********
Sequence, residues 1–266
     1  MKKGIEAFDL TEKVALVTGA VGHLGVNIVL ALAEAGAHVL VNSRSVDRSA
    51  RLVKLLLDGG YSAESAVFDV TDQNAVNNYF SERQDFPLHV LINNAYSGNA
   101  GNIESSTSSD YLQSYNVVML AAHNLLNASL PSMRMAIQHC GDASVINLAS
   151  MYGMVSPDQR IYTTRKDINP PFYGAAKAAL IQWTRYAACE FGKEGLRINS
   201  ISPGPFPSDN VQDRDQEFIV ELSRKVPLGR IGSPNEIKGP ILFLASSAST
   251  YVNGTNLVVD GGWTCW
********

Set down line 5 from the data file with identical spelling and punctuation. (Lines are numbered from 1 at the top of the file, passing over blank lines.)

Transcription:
   151  MYGMVSPDQR IYTTRKDINP PFYGAAKAAL IQWTRYAACE FGKEGLRINS